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Today, Merchant Link announced that it has named Geoff Krieg vice president of product management. Krieg has over 20 years experience and formerly served as Merchant Link’s Director of Service Delivery.
Following is an exclusive podcast with Krieg who discusses the rapid evolution of payment tools, technologies and channels as well as the types of products and strategies merchants should be adopting to keep pace with the current landscape.
James Horak has unusual and important knowledge in the following areas: 1) Extraterrestrial life;
2)Giant Electromagnetic vehicles operating in our solar system;
3)Highly advanced previous civilizations that are operating on the earth called original terrestrials;
5)The secret hidden world government;
Jeff W Albert Presents Monavie with Darryl Utterbach.
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Combating fraud is easy when you are fully aware of the types of scams out there and how to avoid them. To make sure you’re the first to know about new scams - or old ones with a new twist - be sure to sign up for Visa Fraud News Alerts. Visa will keep you up-to-date and at the cutting edge, ensuring the latest information and fraud-fighting techniques are always at your fingertips. Here are a few of the latest headlines:
EMV chip cards gaining momentum in the United States
Have you heard about chip cards or EMV chip cards? Many people haven’t yet, but may soon start hearing the buzz. As this video explains, EMV chip cards have a tiny computer chip embedded in them that helps make them more secure from cyber hackers. The chip securely stores payment data that currently reside on the magnetic stripe, and enables more secure processing by generating a one-time-use code for each transaction. These features make EMV chip card data nearly impossible to counterfeit and, eventually, a less attractive target for criminals to steal.
Back in August 2011, Visa set a plan for financial institutions and merchants to begin switching to chip cards in the United States. The industry analyst Aite Group projects that by the end of 2015, 70 percent of U.S. credit cards and 41 percent of U.S. debit cards will feature these new chips. That means consumers are going to start experiencing this new technology soon.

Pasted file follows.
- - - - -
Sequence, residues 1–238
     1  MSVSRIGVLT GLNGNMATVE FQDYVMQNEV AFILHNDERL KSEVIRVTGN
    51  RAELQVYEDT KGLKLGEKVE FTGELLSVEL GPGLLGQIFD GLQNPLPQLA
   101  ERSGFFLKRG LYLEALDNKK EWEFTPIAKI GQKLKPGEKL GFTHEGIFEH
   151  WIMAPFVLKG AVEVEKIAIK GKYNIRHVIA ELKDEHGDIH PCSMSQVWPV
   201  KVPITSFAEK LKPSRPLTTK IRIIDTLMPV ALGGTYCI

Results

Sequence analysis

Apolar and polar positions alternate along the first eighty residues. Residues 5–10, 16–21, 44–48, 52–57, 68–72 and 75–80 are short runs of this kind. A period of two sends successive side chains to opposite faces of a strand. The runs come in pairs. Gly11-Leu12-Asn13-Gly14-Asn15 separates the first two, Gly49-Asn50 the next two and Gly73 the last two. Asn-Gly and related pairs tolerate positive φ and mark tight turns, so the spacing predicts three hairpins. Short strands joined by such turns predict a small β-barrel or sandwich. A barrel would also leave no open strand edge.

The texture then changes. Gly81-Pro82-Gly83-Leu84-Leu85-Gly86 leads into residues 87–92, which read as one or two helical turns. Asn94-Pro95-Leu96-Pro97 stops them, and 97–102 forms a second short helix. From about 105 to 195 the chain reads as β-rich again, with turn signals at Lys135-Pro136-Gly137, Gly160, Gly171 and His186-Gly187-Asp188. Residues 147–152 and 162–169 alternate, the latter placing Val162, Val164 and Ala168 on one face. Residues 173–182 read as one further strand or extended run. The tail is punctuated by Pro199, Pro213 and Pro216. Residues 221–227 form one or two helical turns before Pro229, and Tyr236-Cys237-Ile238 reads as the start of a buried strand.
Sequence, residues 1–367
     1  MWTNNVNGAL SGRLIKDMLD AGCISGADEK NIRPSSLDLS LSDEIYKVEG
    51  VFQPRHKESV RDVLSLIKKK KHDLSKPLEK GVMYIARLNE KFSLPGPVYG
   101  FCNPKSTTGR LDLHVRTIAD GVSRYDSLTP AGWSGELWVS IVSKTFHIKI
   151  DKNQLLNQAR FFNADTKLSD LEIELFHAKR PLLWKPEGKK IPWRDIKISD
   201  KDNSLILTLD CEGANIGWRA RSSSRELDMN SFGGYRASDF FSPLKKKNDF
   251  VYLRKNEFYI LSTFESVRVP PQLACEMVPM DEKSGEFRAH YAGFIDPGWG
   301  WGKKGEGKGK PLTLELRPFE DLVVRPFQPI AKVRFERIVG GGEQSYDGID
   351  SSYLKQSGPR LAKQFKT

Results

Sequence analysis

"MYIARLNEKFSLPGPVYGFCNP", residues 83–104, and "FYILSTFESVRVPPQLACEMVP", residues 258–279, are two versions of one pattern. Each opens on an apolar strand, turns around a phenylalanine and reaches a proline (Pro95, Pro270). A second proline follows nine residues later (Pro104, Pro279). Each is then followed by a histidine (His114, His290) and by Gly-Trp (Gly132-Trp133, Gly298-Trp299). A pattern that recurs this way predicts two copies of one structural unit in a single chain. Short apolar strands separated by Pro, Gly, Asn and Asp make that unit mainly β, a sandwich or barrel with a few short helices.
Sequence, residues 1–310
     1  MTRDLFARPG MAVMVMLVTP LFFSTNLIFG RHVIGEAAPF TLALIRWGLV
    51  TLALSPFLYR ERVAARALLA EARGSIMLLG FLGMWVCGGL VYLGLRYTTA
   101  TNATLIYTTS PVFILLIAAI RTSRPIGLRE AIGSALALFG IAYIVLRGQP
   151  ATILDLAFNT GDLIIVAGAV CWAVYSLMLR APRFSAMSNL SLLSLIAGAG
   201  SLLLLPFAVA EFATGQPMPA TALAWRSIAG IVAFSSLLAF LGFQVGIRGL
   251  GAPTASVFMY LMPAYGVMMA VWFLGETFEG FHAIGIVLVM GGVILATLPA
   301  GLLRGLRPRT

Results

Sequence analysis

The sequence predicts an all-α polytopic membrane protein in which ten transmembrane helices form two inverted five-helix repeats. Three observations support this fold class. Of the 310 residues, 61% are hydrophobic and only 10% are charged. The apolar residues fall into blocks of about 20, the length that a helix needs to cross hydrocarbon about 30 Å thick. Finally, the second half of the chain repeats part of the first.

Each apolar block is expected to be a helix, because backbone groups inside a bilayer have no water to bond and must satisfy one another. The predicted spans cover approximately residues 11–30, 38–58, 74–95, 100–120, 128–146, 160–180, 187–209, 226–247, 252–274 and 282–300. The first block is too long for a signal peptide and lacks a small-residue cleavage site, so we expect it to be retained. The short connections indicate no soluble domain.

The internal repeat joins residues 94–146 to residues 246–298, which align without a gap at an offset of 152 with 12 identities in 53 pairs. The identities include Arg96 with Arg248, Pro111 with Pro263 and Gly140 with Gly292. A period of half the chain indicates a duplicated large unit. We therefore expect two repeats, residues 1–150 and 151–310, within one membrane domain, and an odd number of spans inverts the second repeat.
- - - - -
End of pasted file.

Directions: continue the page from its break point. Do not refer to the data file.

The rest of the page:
For latest headlines and related news, visit our page here: Visa Security Sense - Fraud News
I’m not much of a Nostradamus, but one thing I can predict with near certainty is that this time next year we are likely to find ourselves witnessing an all-time high in the rate of online credit and debit card fraud. Ironically, that surge in online theft will be the result of efforts to make the offline use of credit and debit cards more secure.
By Oct. 1 of next year, retail establishments are supposed to be able to accept new credit and debit cards that have a chip embedded and require the use of a PIN when making purchases at the checkout counter. The point is to make the cards smarter so that financial institutions can better detect fraudulent usage. Requiring a PIN clearly adds a layer of identification and protection that can deter such fraud.
How do we know that this effort to increase security at the point of sale is going to actually drive online fraud? We already saw it happen in Europe.
In 2002, European financial institutions starting rolling out these very same cards and point-of-sale terminals. We call this technology EMV (Europay, MasterCard and Visa). Financial institutions intend to make EMV a global standard for authenticating credit and debit card transactions using integrated chip technology.
This technology has now been partially or fully deployed in about 14 countries and regions, including most Asian Pacific nations, all of Europe, most of Latin America and the Caribbean. Every country and region in which EMV has been deployed has seen a corresponding surge in online fraud.
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